New Non-Partisan Watchdog Report Finds that Data Limitations Continue to Handicap Oversight Efforts
WASHINGTON, DC – A recent report from the nonpartisan Government Accountability Office (GAO) found that the Centers for Medicare & Medicaid Services (CMS) continues to rely on inaccurate, incomplete, and untimely Medicaid data. Released yesterday, the report outlines how such issues limit the agency’s ability to ensure that federal payments to states are proper and that Medicaid beneficiaries have access to services.
Following the release of the report, House Energy and Commerce Chairman Greg Walden (R-OR) and Senate Finance Committee Chairman Orrin Hatch (R-UT) issued the following statement:
“For the last 14 years, GAO has warned the Medicaid program is ‘high-risk.’ This GAO report reiterates that much work needs to be done to improve data integrity at CMS on the behalf of both taxpayer and patients. As the agency is soon to be under the direction of a new administrator, it is our hope CMS will work to implement the GAO’s recommendations as soon as possible.”
CMS’s 2016 Actuarial Report estimated the federal government paid $363 billion in Medicaid expenditures and covered 72 million beneficiaries in 2016. This same report projects that over the next 10 years, total federal and state expenditures “are projected to increase at an average annual rate of 5.7 percent and to reach $957.5 billion by 2025.”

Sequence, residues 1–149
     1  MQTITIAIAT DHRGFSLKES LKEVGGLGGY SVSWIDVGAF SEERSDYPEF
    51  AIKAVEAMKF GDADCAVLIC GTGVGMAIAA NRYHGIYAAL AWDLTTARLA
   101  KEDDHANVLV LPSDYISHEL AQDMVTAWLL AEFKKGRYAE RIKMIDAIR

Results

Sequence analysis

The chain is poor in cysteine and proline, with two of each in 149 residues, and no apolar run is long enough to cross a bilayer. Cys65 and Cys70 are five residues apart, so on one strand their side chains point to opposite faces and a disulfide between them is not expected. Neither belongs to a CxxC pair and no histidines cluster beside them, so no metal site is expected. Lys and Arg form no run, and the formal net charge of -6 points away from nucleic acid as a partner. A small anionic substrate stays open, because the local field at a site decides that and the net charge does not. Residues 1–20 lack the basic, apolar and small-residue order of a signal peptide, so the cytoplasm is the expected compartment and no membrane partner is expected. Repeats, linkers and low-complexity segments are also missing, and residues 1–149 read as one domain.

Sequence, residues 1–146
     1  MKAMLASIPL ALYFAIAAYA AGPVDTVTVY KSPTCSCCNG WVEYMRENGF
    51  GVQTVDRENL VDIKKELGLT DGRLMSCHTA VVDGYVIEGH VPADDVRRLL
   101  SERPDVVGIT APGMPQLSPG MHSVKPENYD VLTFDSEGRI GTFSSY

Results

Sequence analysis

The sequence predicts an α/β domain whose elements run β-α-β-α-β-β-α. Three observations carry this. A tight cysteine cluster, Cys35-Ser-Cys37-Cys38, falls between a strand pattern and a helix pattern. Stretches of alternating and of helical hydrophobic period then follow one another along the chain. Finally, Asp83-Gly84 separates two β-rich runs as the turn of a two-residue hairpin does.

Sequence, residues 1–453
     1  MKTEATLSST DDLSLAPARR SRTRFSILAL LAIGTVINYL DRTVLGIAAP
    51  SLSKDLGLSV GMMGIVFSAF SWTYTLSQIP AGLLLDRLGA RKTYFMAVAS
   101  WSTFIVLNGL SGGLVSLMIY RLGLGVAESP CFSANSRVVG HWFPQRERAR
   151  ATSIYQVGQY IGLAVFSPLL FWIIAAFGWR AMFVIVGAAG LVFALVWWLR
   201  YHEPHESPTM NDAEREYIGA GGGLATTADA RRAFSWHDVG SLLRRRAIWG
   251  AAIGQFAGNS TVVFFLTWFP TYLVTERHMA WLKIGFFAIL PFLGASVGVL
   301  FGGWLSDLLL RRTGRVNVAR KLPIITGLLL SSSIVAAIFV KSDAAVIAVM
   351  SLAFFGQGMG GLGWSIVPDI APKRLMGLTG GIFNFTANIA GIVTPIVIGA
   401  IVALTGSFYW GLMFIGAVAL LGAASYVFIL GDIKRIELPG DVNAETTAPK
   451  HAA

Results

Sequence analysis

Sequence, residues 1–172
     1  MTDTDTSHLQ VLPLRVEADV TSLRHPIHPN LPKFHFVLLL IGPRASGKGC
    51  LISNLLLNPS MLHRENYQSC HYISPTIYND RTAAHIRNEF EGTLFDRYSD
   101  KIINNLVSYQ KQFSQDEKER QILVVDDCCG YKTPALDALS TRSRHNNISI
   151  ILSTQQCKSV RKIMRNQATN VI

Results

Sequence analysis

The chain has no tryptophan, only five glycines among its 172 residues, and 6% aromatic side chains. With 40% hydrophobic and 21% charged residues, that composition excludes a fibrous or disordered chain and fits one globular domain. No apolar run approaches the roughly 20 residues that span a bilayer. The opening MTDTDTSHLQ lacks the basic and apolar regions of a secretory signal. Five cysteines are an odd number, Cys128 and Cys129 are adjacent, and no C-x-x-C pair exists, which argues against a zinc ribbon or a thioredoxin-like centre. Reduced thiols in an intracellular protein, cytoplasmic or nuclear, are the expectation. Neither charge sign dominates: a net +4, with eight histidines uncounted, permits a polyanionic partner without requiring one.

Additional findings of the report include:
- GAO found that less than half of the states are submitting data to a new CMS data system designed to streamline and improve the quality of data reported by states to CMS.
- GAO’s report recommends that the administrator of CMS take immediate action to assess and improve the data that the agency relies on to conduct program oversight.
The GAO report was requested by a bipartisan group of members from the House Energy and Commerce and Senate Finance committees who recognize that having useful and timely data for program oversight is critical to better manage the Medicaid program. Since 2003, GAO has designated the Medicaid program as high-risk due to its size, concerns about the adequacy of fiscal oversight, and other criteria.
Medicaid was originally established to provide health care coverage to the nation’s most vulnerable citizens. Under this federal-state program, states have responsibility for daily operations and report various data to CMS, including data on expenditures and utilization of services.
Click HERE to read the GAO report.